Bits o' BONG Bull No. 497!
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From: Peter Langston <psl>
Date: Sun, 13 Dec 98 11:53:06 -0800
Subject: Bits o' BONG Bull No. 497!
Excerpted-from: BONG Bull No. 497!
THE BURNED-OUT NEWSPAPERCREATURES GUILD'S NEWSLETTER
Copyright (c) 1998 by BONG. All rights reserved.
To subscribe: Email to firstname.lastname@example.org. In the text say
For Dec. 9-10, 1998. This is not the National Football League, where all
referees are infallible, all coin tosses are heads and the ball doesn't have
to make it into the end zone if the ball carrier's mother lives somewhere
in that direction. This is the Burned-Out Newspapercreatures Guild, where
referees are invited to pull our finger and this is BONG Bull No. 497!
_ _ _ _ _ _ _ _ _ _ _ _ _ _ _ _ _ _ _ _ _ _ _ _ _ _ _ _ _ _ _ _ _ _ _ _ _ _
AT BAT. Chris Bunch adds to last week's anecdote about Bat Masterson,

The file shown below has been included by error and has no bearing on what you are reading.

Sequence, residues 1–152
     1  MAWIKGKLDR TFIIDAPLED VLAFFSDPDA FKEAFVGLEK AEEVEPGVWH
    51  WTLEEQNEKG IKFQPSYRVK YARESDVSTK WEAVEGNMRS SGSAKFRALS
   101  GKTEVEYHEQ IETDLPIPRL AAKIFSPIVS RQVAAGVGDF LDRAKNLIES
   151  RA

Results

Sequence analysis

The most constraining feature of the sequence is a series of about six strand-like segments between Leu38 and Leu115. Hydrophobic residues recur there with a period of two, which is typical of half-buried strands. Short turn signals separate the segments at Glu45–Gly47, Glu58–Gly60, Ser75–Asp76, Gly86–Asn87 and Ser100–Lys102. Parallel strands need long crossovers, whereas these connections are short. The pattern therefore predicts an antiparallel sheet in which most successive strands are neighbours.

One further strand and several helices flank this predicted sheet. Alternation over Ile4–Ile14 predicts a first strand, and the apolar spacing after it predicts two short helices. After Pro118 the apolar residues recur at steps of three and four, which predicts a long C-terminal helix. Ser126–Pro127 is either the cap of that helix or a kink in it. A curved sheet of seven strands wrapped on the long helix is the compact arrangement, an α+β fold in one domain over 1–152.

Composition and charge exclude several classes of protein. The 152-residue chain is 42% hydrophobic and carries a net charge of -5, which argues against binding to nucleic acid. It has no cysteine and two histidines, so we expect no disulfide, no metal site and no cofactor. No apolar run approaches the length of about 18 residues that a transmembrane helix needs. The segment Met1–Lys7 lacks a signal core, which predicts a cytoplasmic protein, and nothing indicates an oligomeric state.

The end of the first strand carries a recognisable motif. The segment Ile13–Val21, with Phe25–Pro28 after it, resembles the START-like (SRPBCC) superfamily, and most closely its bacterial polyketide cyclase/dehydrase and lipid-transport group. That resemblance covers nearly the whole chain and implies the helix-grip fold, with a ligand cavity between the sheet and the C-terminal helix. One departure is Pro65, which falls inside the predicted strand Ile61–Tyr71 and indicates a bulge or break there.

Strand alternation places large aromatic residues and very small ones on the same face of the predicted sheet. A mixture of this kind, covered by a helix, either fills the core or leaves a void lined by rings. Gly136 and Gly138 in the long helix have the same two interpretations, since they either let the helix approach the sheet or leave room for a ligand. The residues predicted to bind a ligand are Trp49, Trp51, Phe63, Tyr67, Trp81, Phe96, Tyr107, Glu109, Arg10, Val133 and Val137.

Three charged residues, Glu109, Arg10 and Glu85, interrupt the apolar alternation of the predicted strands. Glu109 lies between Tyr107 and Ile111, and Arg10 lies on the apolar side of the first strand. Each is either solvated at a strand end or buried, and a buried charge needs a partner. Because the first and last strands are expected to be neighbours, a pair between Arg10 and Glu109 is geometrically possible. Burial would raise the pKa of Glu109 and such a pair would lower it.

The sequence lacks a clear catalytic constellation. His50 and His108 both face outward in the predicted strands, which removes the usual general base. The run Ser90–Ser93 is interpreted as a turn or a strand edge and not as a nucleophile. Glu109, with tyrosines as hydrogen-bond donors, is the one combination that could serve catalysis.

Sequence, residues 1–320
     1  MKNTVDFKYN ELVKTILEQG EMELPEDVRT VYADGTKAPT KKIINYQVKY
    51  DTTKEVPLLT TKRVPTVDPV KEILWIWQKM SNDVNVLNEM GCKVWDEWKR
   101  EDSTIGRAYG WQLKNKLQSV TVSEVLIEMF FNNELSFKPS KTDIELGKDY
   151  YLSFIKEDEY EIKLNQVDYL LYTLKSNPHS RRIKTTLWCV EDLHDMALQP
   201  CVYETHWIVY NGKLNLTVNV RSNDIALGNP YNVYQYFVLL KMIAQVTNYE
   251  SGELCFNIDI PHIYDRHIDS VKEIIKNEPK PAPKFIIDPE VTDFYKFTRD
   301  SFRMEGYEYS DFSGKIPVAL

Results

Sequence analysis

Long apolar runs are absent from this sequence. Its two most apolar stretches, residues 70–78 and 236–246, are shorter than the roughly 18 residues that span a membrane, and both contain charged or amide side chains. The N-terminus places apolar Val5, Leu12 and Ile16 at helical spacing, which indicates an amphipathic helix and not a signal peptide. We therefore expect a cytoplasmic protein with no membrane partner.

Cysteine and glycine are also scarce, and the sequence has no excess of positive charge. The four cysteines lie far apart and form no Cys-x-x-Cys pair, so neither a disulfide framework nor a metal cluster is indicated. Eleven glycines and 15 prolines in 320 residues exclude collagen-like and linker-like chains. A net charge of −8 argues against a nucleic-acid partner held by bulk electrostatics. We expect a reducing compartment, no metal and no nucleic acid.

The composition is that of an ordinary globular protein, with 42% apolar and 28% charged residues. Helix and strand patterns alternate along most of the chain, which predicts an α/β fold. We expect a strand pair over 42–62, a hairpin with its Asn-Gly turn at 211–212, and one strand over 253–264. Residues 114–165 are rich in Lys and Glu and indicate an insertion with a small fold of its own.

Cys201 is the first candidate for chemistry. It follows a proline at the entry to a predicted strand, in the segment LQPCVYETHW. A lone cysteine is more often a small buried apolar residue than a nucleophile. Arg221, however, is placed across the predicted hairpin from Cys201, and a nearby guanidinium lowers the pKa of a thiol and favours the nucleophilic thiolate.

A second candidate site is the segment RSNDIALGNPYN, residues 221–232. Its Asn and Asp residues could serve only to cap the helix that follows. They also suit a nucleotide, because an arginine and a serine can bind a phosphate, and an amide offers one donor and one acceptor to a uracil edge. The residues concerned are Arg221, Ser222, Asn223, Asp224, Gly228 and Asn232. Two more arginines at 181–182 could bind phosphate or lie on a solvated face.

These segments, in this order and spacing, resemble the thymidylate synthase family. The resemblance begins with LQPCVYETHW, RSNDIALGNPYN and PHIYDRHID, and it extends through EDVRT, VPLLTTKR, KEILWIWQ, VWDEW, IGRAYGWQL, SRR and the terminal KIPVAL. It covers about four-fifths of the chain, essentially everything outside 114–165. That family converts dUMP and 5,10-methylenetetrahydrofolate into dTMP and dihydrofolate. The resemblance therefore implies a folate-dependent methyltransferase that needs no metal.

sportswriter, that in fact the famous gunfighter spent more time in his life
as a reporter than he did slinging iron. It seems so unfair that he should
have been portrayed on early TV for his minor accomplishments, instead of
his action-packed years as a boxing writer.
"He did keep a .45 on hand...in his desk drawer," Bunch said. "Which
he used whenever a fan looked him up in New York. He'd allow the fan to wine
and dine (Delmonico's by preference) him, then lead the conversation around
to "Well, haven't got much from the old days ... except ol' Betsy here
(dragging open the desk drawer), which I sure don't need in this big
city...love to let her go....but only to somebody who'd appreciate her..."
"Which was the cue for the slavering fan to dig out great stacks of
greenbacks, and Masterson would reluctantly pass the smokepole across. The
fan would disappear, and the chuckling Masterson would head for the nearest
pawn shop, buy another .45 for, say, $10 (new ones were going for $15) and
bait the trap for the next sucker.
"They say that when Masterson kicked, and all of the guys who owned
'Bat's original Peacemaker' came out of the woodwork, the screaming was
shrill and varied."
Bat died at his New York Telegraph typewriter on Oct. 25, 1921, aged
67. In his machine was found the beginning of a column about luck coming
out fairly even for everyone. Rich or poor, for instance, everyone gets
about the same amount of ice. But the rich take theirs in summer, and the
poor get it in winter.
© 1998 Peter Langston